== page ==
More than seven years ago, an energetic MBA graduate and stay-at-home mom who made soups regularly for her family kicked off a solo business, called 100 Bowls of Soup. The soup-maker, Katharine Mardirosian of McLean, Va., grew up eating delicious, home-made and family-friendly soups. She also spent several years in Eastern Europe, where sturdy homemade soups are mealtime staples. While living there, she honed her soup-making skills, learning to prepare soups from scratch using fresh ingredients. “I experimented with many unfamiliar combinations, using citrus, vinegars, and spices to flavor the soups,” she said.
Back in the States and married with at-home children, Mardirosian — who noted she is not a professional chef — started soup-making as a part of her regular kitchen regimen. “I love the smell of a pot of soup simmering in the kitchen. I was always making soups for my family,” she said, “because we did not like the commercial ones that are so laden with salt, cream and other unwanted ingredients. So I started simply, making my own chicken and vegetable broths as well as a lot of chicken soup.” Mardirosian tested various soups on friends and family and began thinking seriously about a soup-making business, admitting that her first year was a real learning curve.
Mardirosian started selling her soup creations — including bone broths — at the Reston Farmers’ Market every Saturday during the market season. She was so successful that various food stores, such as the Organic Butcher in McLean and MOM’s Organic Market, purchased her creations. She then opened a small kitchen in Vienna’s Maple Avenue Market. But as her soups gained greater and greater popularity and demand for them expanded, she decided to open a professional, larger-sized commercial soup-making kitchen in Sunset Business Park in Herndon, Va.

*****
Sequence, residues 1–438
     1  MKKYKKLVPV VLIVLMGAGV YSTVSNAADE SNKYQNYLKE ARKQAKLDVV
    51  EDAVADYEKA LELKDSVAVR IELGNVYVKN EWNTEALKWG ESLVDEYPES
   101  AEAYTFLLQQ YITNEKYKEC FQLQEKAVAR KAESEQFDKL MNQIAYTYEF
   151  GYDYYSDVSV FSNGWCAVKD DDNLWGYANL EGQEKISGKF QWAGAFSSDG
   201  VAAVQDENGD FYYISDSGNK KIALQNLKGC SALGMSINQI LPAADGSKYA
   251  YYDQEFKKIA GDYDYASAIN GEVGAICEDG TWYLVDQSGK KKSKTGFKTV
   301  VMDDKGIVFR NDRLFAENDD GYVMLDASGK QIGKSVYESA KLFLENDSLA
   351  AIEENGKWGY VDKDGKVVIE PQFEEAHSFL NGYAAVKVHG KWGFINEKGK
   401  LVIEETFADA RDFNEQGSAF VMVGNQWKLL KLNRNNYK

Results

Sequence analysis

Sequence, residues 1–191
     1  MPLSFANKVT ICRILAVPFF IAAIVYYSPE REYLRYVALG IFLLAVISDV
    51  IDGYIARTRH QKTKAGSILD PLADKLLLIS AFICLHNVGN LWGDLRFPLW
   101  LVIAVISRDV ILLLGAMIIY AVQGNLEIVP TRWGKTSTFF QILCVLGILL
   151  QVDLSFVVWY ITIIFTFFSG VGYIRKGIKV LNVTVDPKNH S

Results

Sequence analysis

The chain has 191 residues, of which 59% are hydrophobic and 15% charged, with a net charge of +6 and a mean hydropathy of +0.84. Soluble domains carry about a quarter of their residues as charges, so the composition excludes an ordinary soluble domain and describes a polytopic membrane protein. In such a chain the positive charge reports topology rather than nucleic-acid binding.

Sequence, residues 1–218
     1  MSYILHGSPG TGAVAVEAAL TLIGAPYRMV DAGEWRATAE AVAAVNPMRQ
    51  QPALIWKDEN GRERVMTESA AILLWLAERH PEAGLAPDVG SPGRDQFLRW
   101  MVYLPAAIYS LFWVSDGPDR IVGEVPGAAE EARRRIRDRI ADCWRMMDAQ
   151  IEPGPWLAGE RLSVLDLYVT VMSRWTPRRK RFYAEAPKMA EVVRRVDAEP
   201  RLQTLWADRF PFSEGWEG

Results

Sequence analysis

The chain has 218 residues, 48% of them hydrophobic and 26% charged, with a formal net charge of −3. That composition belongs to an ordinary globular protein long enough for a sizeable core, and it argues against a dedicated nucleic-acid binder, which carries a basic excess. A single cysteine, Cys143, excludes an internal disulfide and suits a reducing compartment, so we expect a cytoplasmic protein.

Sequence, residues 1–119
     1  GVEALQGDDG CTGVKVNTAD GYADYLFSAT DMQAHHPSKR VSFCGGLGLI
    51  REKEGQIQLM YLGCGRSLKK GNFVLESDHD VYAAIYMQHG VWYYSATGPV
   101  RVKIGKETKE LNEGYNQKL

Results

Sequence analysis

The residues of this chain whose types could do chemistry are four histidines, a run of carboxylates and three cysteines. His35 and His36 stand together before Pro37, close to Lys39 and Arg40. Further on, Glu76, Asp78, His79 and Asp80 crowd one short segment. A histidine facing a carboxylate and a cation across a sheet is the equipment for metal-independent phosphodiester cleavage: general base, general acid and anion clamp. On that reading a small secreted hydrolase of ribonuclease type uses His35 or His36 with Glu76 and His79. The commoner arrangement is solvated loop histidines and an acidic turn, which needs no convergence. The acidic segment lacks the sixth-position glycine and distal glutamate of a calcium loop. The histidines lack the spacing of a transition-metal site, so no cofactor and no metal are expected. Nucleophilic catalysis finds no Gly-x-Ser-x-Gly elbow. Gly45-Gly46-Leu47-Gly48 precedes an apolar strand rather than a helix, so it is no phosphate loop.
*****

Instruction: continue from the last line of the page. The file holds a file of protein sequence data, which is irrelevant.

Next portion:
Large enough to accommodate walk-in refrigerators and freezers, a 40-gallon stockpot, a soup-packed refrigerator and stock-packed freezer case and kitchen space for other food entrepreneurs, the new space allows Mardirosian to slowly grow her business. “Apart from continuing to make more soup, we are able to experiment with new flavors and new recipes, both vegan and meat based,” she said. “We are close to offering 60 varieties of soups and bone broths,” adding that she cannot open a soup restaurant at the current location but offers a large selection of grab n’ go soups and broths for sale at her Herndon kitchen.
Mardirosian carefully sources all ingredients from local farmers and produce growers. “People care about their food and where the ingredients come from,” she said. “We spend a lot of time thinking about what goes into a soup. Every ingredient matters. We don’t want to compromise.”
With her business thriving in its expanded location, Mardirosian noted that new entrepreneurs face so many pitfalls. For those planning to open a food-based business, she offers some sage advice. “Know and understand your ingredients and every cost that goes into your product,” she said. “Next, have a real passion for what you’re doing and find a great team of people who share your passion. And third, gain a level of business experience or discipline to look at the numbers and the reality of your plans or find a mentor who can help you do that.”
She pointed out that business acumen and planning helps newcomers understand that success takes time, maybe several years. “Don’t expect to make a profit right away, but at least try to cover your business costs. The food business is a low-margin business. We are really disciplined about budgets and costs,” she said. “Some people enter into the food business as a hobby but get burned out after a few years.” But with realistic expectations, they should know that it’s possible to succeed even if it may be a longer road to travel.
In addition to the Herndon kitchen, you can find 100 Bowls of Soup at MOMs Organic Market (Arlington, Baltimore, Bowie, College Park, Frederick, Herndon, Merrifield, Rockville, Waldorf, Washington DC, White Marsh and Woodbridge), The Organic Butcher of McLean, Sweetbites Café in McLean, The Local Market in Falls Church and online via Washington’s Green Grocer and Hometown Harvest.
by Alexandra Greeley